On Jul 26, 2007, at 3:26 AM, Russell McMahon wrote:

{Quote hidden}

> --

2007\07\26@172129 by Sean Breheny

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On 7/26/07, Russell McMahon <.....apptechKILLspamspam.....paradise.net.nz> wrote:
>
> > Family lore suggests the Nike Hercules was his rocket, though.
>
> Nike Ajax is listed.

They have a really cool video about the development of the Nike Hercules:

http://www.redstone.army.mil/history/nikesite/nikeherc.html

Sean

2007\07\26@213005 by Rich

picon face
Another method is Energy Dispersive X-ray Diffraction Analysis.  Most
universities can support it and the larger multinational companies like
Xerox can support it.

{Original Message removed}

2007\07\27@140601 by Barry Gershenfeld

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How about the FTGWMIAPHP method?  Find The Guy Who Made It And Possibly His
Paperwork.

Oh well, I tried.   Would qualify for all three, though.


>> I'd like to do this as cheaply and easily and quickly as possible (of
> >> course)(choose any 3).

2007\07\28@052144 by Russell McMahon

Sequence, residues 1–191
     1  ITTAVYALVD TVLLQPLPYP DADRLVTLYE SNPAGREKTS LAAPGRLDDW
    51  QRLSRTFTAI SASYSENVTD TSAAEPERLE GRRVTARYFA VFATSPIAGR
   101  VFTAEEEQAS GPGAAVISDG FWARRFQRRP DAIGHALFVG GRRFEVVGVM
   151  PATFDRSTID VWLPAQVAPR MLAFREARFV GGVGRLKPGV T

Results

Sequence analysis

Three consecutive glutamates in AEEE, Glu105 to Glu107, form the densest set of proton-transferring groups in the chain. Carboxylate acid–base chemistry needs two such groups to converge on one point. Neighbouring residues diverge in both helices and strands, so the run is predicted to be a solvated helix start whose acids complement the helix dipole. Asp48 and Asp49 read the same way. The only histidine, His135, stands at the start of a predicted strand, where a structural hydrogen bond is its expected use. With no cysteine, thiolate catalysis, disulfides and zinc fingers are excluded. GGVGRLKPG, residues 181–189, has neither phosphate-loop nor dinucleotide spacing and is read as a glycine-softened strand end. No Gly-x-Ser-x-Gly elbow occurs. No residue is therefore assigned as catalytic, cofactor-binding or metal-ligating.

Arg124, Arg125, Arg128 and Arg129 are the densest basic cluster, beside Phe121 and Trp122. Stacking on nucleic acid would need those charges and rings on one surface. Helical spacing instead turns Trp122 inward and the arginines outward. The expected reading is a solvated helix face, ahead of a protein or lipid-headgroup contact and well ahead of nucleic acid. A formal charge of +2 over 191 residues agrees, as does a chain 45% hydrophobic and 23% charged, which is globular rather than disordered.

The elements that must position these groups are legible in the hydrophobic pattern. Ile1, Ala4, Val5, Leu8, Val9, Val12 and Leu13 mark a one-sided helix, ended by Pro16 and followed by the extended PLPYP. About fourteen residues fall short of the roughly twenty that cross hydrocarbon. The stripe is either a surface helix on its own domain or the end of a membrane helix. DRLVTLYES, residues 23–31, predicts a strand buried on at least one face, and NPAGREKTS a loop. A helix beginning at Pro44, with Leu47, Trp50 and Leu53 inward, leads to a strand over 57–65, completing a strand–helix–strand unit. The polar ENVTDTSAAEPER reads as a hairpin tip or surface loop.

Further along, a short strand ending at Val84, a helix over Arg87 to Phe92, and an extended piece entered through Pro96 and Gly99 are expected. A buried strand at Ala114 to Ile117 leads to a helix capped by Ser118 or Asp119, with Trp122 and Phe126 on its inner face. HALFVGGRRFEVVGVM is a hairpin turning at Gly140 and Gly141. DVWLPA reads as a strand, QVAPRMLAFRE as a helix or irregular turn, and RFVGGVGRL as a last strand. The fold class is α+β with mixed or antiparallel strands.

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> How about the FTGWMIAPHP method?  Find The Guy Who Made It And
> Possibly His
> Paperwork.

> Oh well, I tried.   Would qualify for all three, though.

I did that :-).
The original link I posted had about 600 pages on the Corporal.
Towards the end of the second one they described the engine
construction and development history and give a cross section diagram.
BUT there were 3 engines mentioned. While they SAY that they never got
the 3rd into production it's always possible that the lessons learned
on #3 got used on later production versions. So, while I think the
rocket here is a #2 engine with mild steel all through, it's possible
that it has stainless or even something else in places. I really want
to get it right as thr watchdogs are being very proper about how
things are done and I want to be able to show that I know as much as
possible about what they have. I already know far more than they do,
but more is always useful.


       Russell

> >> I'd like to do this as cheaply and easily and quickly as possible
> >> (of
>> >> course)(choose any 3).